Fossils Show How Trilobites Attacked Their Prey
Posted on February 17, 2016
Scientists have discovered 500-million-year-old fossils in southeastern Missouri that unlock clues to the predatory behaviors of trilobites. Trilobites are an extinct invertebrate animal with an external skeleton. They flourished during the Cambrian period.
Geologists and paleobiologists at the University of Missouri (MU) collaborated to study fossils that reveal the predatory behaviors of trilobites preserved as traces in ancient sediments. The scientists say the evidence shows that trilobites were behaviorally sophisticated, tailoring their attacks for effectiveness.
Kevin Shelton, professor of geological sciences in the MU College of Arts and Science, says in a statement, "The Saint Francois Mountains in southeastern Missouri have been the focus of geological research for decades and were once islands in the Cambrian ocean. I've worked as a geologist studying ore deposits in the area for more than 30 years. In that time, I've run across thousands of fossilized trilobite burrows. It is rare that we get to study the activities of 500 million-year-old organisms, yet the fossils in this locality are helping us determine how these organisms behaved."
Three-dimensional laser scanning and digital photograph analysis of sections of slabs of rocks collected from the site revealed burrows or trails left behind by trilobites and their prey. The trilobite prey were worm-like creatures. The scientists discovered that these intersecting trails show how the predators caught their prey. Previous studies by former MU geology professor, James Stitt, had revealed that the trilobites had very large eyes.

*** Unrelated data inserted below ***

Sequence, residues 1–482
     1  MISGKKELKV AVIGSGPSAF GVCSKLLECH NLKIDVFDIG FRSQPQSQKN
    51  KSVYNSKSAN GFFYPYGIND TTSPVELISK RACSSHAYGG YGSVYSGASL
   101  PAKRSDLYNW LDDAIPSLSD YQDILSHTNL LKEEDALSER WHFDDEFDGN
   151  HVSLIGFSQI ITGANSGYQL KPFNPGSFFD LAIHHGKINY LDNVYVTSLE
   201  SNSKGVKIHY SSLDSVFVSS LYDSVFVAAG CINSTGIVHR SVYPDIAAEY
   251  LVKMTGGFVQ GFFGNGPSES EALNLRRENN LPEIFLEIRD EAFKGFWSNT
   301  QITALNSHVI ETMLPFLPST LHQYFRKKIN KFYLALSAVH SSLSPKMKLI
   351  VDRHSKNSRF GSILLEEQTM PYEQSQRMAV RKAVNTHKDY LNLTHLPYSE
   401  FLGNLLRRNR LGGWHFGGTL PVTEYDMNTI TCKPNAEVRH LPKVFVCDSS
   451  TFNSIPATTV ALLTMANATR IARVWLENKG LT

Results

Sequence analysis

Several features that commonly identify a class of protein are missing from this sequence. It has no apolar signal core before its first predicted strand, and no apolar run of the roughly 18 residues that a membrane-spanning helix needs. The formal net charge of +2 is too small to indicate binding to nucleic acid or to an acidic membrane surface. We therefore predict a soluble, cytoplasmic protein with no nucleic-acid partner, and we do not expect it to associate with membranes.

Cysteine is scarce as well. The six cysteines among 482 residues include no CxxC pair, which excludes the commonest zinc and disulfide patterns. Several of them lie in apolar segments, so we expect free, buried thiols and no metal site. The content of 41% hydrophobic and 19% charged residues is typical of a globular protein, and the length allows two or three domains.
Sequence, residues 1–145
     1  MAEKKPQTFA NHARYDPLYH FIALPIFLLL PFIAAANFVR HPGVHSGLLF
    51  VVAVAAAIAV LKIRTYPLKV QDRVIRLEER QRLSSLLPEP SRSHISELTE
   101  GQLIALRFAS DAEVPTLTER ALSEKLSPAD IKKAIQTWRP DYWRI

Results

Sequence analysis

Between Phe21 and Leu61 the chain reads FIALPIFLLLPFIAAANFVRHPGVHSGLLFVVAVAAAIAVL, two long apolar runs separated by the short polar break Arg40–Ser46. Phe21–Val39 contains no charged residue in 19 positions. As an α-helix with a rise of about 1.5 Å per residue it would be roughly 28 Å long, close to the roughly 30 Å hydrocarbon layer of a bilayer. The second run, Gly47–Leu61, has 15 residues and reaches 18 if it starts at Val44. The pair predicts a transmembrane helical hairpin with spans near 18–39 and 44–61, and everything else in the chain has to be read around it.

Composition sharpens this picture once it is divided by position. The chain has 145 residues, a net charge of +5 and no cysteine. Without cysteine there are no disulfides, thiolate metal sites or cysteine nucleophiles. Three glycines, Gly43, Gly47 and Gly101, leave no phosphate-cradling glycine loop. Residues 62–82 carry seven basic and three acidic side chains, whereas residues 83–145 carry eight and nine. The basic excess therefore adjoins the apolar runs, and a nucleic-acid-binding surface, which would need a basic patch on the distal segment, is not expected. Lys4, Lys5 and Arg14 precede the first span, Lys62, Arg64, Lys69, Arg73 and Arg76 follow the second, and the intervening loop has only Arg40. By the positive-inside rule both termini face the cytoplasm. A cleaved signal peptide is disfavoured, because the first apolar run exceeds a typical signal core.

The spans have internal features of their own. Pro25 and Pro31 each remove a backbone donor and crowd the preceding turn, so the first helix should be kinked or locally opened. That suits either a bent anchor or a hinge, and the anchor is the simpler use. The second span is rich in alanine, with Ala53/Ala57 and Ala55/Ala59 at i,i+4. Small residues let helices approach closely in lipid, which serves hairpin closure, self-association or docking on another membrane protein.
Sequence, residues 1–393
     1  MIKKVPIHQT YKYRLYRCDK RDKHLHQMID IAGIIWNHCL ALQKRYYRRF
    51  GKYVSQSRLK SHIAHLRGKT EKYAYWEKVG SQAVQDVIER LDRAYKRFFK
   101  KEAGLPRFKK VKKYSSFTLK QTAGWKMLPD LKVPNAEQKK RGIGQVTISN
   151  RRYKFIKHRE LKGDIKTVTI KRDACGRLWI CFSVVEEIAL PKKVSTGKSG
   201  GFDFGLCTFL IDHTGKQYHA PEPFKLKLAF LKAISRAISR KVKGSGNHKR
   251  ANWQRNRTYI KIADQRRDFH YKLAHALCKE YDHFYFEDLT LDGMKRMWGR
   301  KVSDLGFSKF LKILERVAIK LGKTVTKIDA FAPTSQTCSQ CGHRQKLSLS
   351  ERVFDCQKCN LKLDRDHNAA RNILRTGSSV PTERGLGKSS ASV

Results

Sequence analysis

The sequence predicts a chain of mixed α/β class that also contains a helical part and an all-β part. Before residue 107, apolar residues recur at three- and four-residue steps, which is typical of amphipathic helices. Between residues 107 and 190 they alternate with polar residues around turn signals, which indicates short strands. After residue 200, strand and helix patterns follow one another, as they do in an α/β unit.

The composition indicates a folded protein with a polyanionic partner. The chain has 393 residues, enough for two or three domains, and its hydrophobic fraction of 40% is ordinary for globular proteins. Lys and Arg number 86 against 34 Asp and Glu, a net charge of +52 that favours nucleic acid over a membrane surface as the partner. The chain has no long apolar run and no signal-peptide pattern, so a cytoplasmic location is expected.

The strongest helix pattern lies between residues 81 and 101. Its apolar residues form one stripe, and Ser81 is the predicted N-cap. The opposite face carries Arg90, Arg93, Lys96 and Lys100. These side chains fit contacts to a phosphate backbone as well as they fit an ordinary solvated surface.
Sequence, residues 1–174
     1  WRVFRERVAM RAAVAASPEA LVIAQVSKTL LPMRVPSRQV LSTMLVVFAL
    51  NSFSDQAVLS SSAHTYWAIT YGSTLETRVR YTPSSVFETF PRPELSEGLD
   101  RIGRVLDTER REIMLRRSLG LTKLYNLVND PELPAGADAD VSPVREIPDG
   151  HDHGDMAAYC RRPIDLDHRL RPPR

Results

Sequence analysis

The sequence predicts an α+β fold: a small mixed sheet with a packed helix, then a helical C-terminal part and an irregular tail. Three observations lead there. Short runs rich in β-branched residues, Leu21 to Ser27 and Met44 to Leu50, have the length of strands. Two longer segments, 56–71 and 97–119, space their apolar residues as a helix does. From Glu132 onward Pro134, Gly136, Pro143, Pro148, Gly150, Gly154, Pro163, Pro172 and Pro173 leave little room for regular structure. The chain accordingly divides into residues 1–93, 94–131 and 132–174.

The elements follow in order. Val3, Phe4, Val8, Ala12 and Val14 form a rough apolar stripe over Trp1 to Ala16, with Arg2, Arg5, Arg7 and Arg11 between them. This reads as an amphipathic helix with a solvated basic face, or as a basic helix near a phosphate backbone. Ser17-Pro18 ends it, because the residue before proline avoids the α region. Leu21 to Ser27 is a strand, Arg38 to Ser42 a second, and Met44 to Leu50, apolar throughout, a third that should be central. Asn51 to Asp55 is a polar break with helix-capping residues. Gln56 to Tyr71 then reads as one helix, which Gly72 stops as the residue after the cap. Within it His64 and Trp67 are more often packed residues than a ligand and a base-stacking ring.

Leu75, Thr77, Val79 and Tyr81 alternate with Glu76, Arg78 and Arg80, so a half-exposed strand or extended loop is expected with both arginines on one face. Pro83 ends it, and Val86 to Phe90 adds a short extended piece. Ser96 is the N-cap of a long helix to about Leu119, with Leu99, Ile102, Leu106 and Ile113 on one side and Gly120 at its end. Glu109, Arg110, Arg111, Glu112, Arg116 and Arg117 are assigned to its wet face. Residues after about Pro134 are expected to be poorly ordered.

Tracks from the site showed that the predators attacked from above, moving alongside to use their many legs for more effective grappling of their prey. The fossil evidence also shows the trilobites preferentially selected smaller prey. This indicates they attacked their food rather than randomly bumping into it. The graphic above shows a trilobite capturing one of the worm-like creatures.
Schiffbauer says, "Predation, or the action of attacking one's prey, is a significant factor in evolution; this discovery is extremely important in the study of how organisms evolved in the Cambrian Period. In this study, we provide evidence that these trilobites were likely visual predators, displaying selectivity in seeking and hunting their food."
A research paper on the study was published here in the journal, Palaeogeography, Palaeoclimatology, Palaeoecology.
Image: Stacy Turpin Cheavens of the Department of Orthopaedic Surgery, University of Missouri
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